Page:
We previously covered the RECOVERY trial press release on the use of HCQ for hospitalised patients with COVID19.
This is a UK based platform trial (more on this later) looking at patients admitted to hospital with Covid-19.
It’s an open label RCT that was developed out of the concepts behind the ASAP trial1. ASAP was (and still is) a hibernating trial2 that was designed to test the use of steroids in a future flu pandemic. When Covid-19 came along the systems and plans for ASAP were repurposed to test treatments for Covid-19. I was (still am) the local Principal Investigator for ASAP and now co-lead the RECOVERY trial at my hospital, one of 175 UK sites led by the chief investigator (Prof. Peter Horby) and team at Oxford University3.
The first results were released back in June from RECOVERY and can be found here4 but we can only see the full data now as published in the New England Journal of Medicine this week (12). To date
- Patients recruited to RECOVERY – Over 13000 and rising daily.
- Largest RCT in Covid-19 to date
- 1561 patients randomised to Hydroxychloroquine (HCQ)
- 3155 patients randomised to routine care
- End point is 28-day mortality
- 27% Hydroxychloroquine
- 25% usual care
- hazard ratio 1.09 [95% confidence interval 0.97-1.23]; p=0.15)
The abstract is below, but as always we strongly recommend you read the full paper.
The trialists have concluded that it is highly unlikely that there is any meaningful benefit to HCQ in patients with Covid-19 and its use should be discontinued. Interestingly the confidence intervals are close to suggesting that HCQ may be harmful.
The authors also looked at subgroup analyses to see if there were any signals for benefits in sub-groups, but as the table below shows, there were no groups that experienced a benefit with HCQ.
So no benefit overall, no benefits in the sicker ventilated patients and no benefits in any sub-groups. It is therefore very unlikely that HCQ at this dose, in hospitalised patients has any benefit and may be harmful.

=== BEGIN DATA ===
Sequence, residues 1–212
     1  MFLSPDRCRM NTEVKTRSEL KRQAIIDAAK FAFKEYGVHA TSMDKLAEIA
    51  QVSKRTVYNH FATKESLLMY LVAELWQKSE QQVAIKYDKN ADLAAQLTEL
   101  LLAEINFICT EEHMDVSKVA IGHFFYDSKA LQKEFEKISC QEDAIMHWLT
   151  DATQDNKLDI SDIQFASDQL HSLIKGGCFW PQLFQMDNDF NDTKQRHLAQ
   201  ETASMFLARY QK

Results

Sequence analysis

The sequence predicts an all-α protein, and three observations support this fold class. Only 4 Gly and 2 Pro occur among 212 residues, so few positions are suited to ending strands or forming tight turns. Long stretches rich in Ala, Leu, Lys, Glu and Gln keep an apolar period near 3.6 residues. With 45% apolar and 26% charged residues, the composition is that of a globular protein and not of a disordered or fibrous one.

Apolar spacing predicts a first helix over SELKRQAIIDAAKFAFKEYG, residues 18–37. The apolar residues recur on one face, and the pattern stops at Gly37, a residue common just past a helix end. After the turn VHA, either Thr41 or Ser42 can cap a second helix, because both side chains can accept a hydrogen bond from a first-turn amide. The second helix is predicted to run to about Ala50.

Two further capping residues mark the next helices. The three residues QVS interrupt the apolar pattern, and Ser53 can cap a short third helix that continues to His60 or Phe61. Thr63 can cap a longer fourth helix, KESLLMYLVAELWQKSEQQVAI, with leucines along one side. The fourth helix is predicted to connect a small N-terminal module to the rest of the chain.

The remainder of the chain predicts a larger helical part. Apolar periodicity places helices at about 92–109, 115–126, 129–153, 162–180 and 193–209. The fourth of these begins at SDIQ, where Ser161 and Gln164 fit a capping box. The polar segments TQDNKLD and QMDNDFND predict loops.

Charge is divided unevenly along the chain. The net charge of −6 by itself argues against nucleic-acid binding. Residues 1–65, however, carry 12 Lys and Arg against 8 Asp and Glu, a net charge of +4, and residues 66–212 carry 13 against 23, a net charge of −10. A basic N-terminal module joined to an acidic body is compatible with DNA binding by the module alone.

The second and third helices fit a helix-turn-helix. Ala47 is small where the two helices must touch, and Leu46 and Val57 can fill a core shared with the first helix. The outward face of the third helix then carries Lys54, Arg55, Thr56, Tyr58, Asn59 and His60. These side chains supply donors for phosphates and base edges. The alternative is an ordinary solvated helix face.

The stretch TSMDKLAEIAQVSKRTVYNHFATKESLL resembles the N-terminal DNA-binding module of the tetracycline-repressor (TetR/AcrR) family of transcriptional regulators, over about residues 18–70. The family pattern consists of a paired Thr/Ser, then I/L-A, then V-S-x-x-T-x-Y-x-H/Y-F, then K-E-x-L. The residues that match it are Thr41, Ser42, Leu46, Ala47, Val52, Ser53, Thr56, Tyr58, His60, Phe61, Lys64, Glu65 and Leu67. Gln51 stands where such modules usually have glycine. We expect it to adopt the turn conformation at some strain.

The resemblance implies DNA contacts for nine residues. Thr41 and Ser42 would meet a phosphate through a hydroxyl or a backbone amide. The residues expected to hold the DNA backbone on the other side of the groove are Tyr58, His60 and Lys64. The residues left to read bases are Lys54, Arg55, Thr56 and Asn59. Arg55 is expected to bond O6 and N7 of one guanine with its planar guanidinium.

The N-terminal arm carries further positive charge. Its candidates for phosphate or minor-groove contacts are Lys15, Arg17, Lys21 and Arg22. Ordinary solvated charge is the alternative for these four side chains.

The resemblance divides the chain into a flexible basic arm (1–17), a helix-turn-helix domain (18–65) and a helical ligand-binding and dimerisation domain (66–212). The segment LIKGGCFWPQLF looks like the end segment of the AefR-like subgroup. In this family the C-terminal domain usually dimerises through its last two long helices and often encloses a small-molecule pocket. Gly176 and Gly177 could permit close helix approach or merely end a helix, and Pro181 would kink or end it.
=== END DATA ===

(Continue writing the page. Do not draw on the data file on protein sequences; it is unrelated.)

The trial has been criticised in some quarters. There does appear to be strong support for HCQ amongst Trump supporters and others. Their arguments have largely revolved around timing, dosage and concomitant medications.
In terms of timing the argument is that HCQ was given too late in this trial. This is plausible as HCQ is an anti-viral and most patients admitted to hospital are in the inflammatory phase of disease. This trial tells us about the hospitalised patients only. However, there is little evidence that early or prophylactic use of HCQ improves outcomes in other randomised controlled trials.
The dosage has attracted a lot of criticism, with many suggesting a toxic dosage, but it is in keeping with treatment with other conditions. If you want to depress yourself then have a wander around twitter and read the ad-hominem and threatening attacks on the lead authors. It’s really quite scary. The dose was high in order to rapidly reach antiviral levels. Again this is a reasonable question to ask, it’s just that on twitter it’s not being reasonably asked. RECOVERY had hardly any exclusion criteria and it is possible that subgroups of people who might be more prone to complications of HCQ were included (e.g. underlying risk of dysrhythmias). At the point of recruitment clinicians could decide whether or not to include a specific patient based on their past medical history but it is unclear how this happened in practice.